Pennsylvania is the nation’s second largest producer of natural gas, yet the state’s gas industry is guilty of leaking massive quantities of methane – essentially the gas itself – into the atmosphere. Fortunately, the state’s Department of Environmental Protection is taking steps to ensure Pennsylvania is leading on energy, not on air pollution. Here are five reasons why state leaders are moving forward to address invisible, yet harmful, methane emissions. Read More
Oil and gas methane emissions in Pennsylvania. Image source: Environmental Protection Agency
Recently the Pennsylvania Department of Environmental Protection (DEP) took an important first step to implement new requirements aimed at reducing methane emissions from new oil and gas operations.
Methane is the main component of natural gas – 51% of Pennsylvania households depend on it to fuel their homes. The more methane is wasted, the less there is to deliver to the PA communities that depend on it. Read More
Pennsylvania Governor Tom Wolf and EDF Chief Scientist Steve Hamburg check out the methane-sniffing Google Street View car
*UPDATE: Days after this data was released, the Pennsylvania Department of Environmental Protection issued draft permits that will help reduce methane emissions from select oil and gas facilities across the state – making Pennsylvania the latest state to take commonsense action on methane .*
EDF and Google have released new interactive maps that show Pittsburgh residents just how much methane may be escaping from city pipelines.
Methane is the main component of natural gas. Millions of families across Pennsylvania and the country depend on it to heat homes and prepare their dinners. But when leaked into the atmosphere, it can wreak havoc on our climate, represent millions of dollars’ worth of wasted American energy, and pose serious risks to public health and safety.
That’s why we spent the past year working with Peoples Gas in Pittsburgh to use Google Street View mapping cars specially equipped with state-of-the-art methane sensors to determine how many pipeline leaks there are, how much methane is leaking, and where these leaks are located. Read More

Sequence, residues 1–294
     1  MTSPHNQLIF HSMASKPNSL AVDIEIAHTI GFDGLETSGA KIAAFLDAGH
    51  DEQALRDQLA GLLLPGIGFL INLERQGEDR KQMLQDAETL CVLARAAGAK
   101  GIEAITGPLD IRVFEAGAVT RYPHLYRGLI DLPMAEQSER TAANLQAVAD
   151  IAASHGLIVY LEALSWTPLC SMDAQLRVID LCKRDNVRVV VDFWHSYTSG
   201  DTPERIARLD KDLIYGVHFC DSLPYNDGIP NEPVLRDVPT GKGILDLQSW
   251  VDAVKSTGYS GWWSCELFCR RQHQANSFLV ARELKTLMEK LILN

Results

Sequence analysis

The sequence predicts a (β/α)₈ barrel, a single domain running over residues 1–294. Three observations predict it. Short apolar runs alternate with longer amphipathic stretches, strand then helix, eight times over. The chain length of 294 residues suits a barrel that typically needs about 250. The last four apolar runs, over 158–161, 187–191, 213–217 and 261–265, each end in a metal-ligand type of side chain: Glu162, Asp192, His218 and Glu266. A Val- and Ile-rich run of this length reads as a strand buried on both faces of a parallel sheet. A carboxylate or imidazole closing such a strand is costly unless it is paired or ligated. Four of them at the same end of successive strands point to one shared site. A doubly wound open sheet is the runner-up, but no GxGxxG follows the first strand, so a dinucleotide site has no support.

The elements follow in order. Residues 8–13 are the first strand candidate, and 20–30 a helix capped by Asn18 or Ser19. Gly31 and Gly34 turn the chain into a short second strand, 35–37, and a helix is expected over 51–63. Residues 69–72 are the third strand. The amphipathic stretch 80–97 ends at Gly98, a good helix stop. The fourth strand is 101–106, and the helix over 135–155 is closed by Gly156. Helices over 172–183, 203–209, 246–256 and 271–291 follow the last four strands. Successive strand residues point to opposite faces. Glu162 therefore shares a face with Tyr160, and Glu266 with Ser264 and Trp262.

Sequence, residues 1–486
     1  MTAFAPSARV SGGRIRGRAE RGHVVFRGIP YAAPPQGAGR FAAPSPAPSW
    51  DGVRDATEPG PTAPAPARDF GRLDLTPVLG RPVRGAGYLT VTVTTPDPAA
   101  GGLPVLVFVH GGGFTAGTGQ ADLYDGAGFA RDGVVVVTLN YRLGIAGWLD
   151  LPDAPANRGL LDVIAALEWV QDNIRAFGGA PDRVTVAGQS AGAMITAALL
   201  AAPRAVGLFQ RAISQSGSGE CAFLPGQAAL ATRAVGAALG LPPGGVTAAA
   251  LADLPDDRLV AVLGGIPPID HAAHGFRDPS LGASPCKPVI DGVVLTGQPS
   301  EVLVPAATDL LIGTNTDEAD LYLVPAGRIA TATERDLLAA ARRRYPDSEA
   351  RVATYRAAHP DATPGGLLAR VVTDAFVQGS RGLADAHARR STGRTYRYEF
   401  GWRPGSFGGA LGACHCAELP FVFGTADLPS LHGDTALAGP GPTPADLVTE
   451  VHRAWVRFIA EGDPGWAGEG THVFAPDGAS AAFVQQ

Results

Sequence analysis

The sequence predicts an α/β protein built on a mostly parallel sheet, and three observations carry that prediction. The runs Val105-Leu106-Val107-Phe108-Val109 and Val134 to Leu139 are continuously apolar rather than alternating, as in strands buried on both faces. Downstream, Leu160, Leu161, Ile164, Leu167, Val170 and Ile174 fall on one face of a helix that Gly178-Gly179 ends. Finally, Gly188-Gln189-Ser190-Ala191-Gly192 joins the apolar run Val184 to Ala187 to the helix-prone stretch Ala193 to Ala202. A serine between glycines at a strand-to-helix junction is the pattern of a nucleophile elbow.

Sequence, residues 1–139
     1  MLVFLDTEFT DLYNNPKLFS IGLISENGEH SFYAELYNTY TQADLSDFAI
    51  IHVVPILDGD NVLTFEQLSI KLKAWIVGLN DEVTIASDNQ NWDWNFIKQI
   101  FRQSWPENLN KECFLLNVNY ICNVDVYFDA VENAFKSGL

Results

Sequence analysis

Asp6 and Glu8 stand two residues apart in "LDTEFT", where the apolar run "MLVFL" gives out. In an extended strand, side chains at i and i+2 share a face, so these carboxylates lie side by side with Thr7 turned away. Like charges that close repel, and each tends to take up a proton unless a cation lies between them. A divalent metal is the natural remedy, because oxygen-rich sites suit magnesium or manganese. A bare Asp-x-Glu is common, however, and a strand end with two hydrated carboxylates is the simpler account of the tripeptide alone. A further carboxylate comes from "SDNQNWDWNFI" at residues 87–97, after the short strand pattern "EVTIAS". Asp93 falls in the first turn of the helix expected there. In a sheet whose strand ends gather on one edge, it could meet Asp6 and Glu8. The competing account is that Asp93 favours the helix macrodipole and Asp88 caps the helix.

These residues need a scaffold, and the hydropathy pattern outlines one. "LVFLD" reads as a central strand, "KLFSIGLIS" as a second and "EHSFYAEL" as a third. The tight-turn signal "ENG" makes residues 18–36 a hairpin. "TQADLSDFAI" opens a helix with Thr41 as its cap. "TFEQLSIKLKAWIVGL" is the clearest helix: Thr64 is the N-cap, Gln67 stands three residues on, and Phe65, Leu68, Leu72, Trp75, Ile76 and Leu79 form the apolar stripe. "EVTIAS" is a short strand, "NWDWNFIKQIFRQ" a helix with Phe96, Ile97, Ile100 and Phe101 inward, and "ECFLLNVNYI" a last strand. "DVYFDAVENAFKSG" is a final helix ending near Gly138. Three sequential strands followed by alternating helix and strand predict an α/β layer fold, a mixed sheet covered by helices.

A new report reveals that harmful emissions from oil and gas development are increasing. This is bad news for Pennsylvania families who have been repeatedly told by industry trade groups that pollution is under control.
According to the Department of Environmental Protection, in 2014 oil and gas companies emitted nearly 110,000 tons of methane – a powerful climate pollutant that’s rapidly accelerating global warming. That represents an increase over the previous year. With 2016 on pace to be the warmest year ever recorded, we should be reducing methane emissions, not increasing them. Read More
Each month, the Energy Exchange rounds up a list of top clean energy conferences around the country. Our list includes conferences at which experts from the EDF Clean Energy Program will be speaking, plus additional events that we think our readers may benefit from marking on their calendars.
Top clean energy conferences featuring EDF experts in July:
July 26-28: NY Rev Summit (New York, NY)
Speaker: Rory Christian, Director, New York Clean Energy
- Building on New York’s Reforming the Energy Vision (REV) initiative, Infocast’s second REVolution summit will focus on how utilities are planning for the future, and how they will explore both the promise and the practical development of microgrids, renewable energy, and emerging opportunities for third party providers. The summit will also consider various state efforts to finance and encourage clean energy markets sufficiently to ensure a robust, sustainable power delivery system. Read More
If you like clean water, we’ve got good news. This week the EPA finalized an important Clean Water Act rule that cements commonsense protections for water resources. EPA’s new technology-based categorical pretreatment standard prevents unconventional oil and gas operators from delivering salty, toxic wastewater to publicly owned water treatment facilities — also known as POTWs. These facilities are designed to handle residential sewage, not industrial waste, and often are unable to treat the types of pollutants common in unconventional oil and gas wastewater.
Since 1979, the Clean Water Act has prohibited onshore oil and gas operators in the eastern U.S. from directly discharging oil and gas wastewater to surface waters, like streams and lakes. But until now, there were no rules that applied to the wastewater that is disposed of at separate treatment facilities, or “indirect discharges.”
The final POTW pretreatment rule is consistent with current industry practice, but this wasn’t always the case. Prior to 2011, oil and gas operators in Pennsylvania delivered wastewater to POTWs for treatment and disposal with terrible results. These POTWs struggled to treat unconventional oil and gas wastewater due to elevated levels of halides, heavy metals, organic compounds, radionuclides and salts. High and fluctuating TDS (salt) levels in wastewater interfered with the biological treatment processes reducing treatment efficiency. Bromides that went through POTW disinfection processes were transformed into toxic disinfection by-products and released into receiving waters. Read More